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Efficiency is the target

Chancellor Alistair Darling’s budget confirmed the requirement for significant efficiency savings in waste and recycling services. The search for those savings is already on with a necessary focus on service efficiency, but we should not overlook the savings which can come from making existing investments in services work harder.

The more materials you can collect for recycling, the less you end up paying in landfill tax which, following the budget, will continue to rise to £80 a tonne by 2014. Improving participation, set out and capture rates can all have a big impact on residual waste costs and should not be overlooked. That means continuing well-targeted communications rather than looking at those as an easy cut.

One way of deciding whether your systems could work harder is to use the performance benchmarks published by the Waste & Resources Action Programme (WRAP) to compare your performance with that of similar authorities.

WRAP’s research The Barriers to Recycling at Home, published August 2008, is still very relevant and confirms that having a user-friendly collection system is just one of the barriers to overcome. The others depend on making sure that people understand the system and are given good reasons to use it, including convincing evidence that materials collected are actually being recycled, not to mention an occasional update on progress and a ‘thank you’ for their efforts. Signing up to the joint WRAP/Local Government Association Waste Collection Commitment, as 61 authorities have now done, provides a good structure to address these issues.

There is a lot of interest in whether well-designed incentives or rewards can nudge additional recyclers to start recycling or all of us to make the effort to recycle more

There is a lot of interest in whether well-designed incentives or rewards can nudge additional recyclers to start recycling or all of us to make the effort to recycle more. Associated with that is the debate about the role of web-based or social networking campaigns to spread messages and build momentum for change. We are short of hard evidence, but I confidently predict that these issues will be widely discussed during the coming months and will be the source of a lot of future innovation.

WRAP has built up a lot of communications experience through working with more than 250 authorities in the last two years. That has been built into the free support it provides which includes analysis of problems, planning effective communications, access to best practice and research evidence, free materials and designs and some funding support.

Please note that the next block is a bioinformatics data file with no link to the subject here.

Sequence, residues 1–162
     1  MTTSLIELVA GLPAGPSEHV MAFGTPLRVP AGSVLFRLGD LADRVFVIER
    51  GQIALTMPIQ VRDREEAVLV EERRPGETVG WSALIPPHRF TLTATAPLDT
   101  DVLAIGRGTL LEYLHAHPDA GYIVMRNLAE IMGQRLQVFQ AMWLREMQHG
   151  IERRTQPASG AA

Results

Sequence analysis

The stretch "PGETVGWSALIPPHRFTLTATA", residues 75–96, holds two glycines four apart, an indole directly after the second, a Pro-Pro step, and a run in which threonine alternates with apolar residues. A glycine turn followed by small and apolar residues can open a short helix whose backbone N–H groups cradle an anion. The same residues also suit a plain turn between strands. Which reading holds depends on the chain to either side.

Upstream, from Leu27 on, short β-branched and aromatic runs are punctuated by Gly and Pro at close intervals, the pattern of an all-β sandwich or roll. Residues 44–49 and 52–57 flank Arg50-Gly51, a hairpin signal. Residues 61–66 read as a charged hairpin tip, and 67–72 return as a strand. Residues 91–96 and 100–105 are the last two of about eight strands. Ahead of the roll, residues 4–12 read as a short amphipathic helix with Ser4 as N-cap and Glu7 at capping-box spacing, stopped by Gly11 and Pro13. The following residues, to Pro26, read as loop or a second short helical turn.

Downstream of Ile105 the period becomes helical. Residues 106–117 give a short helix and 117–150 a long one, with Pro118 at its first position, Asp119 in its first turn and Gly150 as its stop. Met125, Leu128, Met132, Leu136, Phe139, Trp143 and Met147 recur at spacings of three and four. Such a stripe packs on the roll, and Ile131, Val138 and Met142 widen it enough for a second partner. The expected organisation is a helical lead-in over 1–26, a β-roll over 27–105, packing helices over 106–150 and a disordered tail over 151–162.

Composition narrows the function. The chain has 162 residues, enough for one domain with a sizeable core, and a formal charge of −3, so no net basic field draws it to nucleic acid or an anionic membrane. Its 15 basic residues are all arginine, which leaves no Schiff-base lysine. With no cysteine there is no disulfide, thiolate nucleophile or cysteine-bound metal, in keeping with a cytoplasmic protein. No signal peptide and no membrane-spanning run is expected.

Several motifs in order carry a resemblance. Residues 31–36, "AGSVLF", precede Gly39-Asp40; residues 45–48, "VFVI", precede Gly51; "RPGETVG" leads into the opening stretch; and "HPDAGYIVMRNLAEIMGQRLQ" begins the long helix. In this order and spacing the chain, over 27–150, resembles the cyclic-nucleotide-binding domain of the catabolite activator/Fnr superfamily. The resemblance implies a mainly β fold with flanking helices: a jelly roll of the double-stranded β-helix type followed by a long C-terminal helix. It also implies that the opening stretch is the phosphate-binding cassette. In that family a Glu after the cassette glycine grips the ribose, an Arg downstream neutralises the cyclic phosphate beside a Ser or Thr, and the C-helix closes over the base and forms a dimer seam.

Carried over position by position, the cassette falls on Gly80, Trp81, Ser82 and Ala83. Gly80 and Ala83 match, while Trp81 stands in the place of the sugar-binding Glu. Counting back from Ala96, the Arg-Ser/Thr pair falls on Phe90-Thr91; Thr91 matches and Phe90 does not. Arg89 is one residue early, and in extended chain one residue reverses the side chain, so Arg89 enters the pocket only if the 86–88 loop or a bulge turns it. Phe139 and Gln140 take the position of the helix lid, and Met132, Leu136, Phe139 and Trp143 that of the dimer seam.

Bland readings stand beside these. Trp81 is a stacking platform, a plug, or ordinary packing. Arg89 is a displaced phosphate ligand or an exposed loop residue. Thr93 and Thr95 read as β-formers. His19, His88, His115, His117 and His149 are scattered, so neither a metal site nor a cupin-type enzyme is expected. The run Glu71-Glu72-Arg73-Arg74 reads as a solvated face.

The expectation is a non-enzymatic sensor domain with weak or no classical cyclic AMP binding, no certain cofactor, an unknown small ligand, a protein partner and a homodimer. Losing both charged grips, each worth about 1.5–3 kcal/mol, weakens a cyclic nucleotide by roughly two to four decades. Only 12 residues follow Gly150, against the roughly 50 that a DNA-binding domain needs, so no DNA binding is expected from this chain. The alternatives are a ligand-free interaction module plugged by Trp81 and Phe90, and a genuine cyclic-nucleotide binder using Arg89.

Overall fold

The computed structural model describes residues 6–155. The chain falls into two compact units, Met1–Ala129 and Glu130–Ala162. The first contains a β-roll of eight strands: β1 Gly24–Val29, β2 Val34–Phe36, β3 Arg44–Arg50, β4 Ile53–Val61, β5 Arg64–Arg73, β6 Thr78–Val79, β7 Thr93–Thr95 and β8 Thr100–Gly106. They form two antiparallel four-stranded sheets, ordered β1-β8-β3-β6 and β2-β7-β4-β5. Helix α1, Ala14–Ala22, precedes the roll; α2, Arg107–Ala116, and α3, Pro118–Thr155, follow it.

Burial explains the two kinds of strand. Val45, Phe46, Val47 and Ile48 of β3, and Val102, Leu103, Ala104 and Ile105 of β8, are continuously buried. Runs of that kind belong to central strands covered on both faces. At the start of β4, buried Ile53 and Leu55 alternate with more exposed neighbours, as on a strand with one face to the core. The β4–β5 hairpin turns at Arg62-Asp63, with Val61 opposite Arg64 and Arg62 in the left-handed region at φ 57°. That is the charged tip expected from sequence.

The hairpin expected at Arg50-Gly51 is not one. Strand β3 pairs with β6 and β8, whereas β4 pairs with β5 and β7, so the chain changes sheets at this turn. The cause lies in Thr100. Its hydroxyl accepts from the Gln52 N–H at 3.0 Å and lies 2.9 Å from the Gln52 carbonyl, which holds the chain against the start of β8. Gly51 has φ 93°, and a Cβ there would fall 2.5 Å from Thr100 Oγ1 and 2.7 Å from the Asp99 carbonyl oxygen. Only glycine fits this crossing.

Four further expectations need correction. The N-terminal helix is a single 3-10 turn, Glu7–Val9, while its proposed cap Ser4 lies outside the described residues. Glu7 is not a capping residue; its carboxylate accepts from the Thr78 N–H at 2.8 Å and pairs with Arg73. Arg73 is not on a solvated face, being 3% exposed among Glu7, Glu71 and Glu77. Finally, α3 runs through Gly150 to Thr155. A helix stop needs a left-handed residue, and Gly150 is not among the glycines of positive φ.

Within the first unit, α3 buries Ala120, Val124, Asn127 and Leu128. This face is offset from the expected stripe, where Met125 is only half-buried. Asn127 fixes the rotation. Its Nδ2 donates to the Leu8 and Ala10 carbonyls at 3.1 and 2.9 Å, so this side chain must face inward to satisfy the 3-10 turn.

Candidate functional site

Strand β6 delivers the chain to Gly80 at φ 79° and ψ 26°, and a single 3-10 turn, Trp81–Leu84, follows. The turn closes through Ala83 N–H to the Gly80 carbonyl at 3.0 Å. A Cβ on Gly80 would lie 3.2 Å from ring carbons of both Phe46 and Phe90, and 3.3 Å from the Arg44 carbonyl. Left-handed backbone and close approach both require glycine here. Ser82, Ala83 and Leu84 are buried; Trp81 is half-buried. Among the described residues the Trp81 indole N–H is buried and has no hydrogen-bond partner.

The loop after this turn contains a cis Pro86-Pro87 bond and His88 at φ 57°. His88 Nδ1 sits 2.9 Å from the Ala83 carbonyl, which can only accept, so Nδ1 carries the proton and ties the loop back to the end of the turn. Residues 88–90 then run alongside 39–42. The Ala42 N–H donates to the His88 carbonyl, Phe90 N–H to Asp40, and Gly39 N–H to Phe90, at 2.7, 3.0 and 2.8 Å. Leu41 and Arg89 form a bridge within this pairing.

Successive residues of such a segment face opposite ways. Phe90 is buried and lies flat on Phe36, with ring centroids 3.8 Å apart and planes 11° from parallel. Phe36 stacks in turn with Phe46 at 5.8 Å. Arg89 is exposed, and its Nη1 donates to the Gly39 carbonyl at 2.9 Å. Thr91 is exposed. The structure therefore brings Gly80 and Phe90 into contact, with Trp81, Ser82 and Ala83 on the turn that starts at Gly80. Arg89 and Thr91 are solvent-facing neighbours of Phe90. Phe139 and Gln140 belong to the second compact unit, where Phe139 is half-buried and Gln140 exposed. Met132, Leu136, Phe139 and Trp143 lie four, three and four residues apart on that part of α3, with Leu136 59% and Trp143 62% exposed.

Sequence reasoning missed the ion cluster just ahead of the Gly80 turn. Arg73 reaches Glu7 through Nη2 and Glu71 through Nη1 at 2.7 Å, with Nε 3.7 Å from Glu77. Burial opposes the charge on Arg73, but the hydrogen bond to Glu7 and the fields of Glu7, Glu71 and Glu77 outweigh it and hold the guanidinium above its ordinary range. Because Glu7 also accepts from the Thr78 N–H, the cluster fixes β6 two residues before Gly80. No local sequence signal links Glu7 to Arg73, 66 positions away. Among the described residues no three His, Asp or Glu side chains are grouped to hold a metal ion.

Preventing waste being presented for collection and treatment is another good way to cut costs. Home composting has been shown by WRAP and the Environment Agency to prevent 150kg of waste per participating household on average. With the burgeoning interest in growing your own vegetables, the opportunity to extend home composting is still there.

There is rightly a lot of interest in extending partnership working between authorities. The opportunities for cost savings are significant. But moving to joint contracting, for example, faces some barriers in the short term. Waste prevention is a great starting point for partnerships, as many authorities have recognised, because the same communications can be applied over much wider areas in the way that recycling communications generally cannot.

Apart from well-established campaigns such as ‘Love Food Hate Waste’, there are great opportunities to divert items including furniture, household appliances, clothing and other textiles into reuse by helping local residents to understand the benefits and the full range of local opportunities. WRAP’s Waste Prevention Toolkit helps local authorities to develop tailored plans relevant to the needs of their local areas. WRAP is currently extending the content of the toolkit to provide consumer messages which are likely to be most effective in changing behaviours.

Across local government there is increasing interest in engaging local communities in shaping and delivering local services. Some of the learning from the Zero Waste Places programme shows how this can be more powerful than traditional communications in changing behaviour. The incorporation of that programme with the other work of the Local Authority BREW Centre in WRAP’s wider remit will extend the support we can offer to include training and outreach support.

Phillip Ward is WRAP director for local government services

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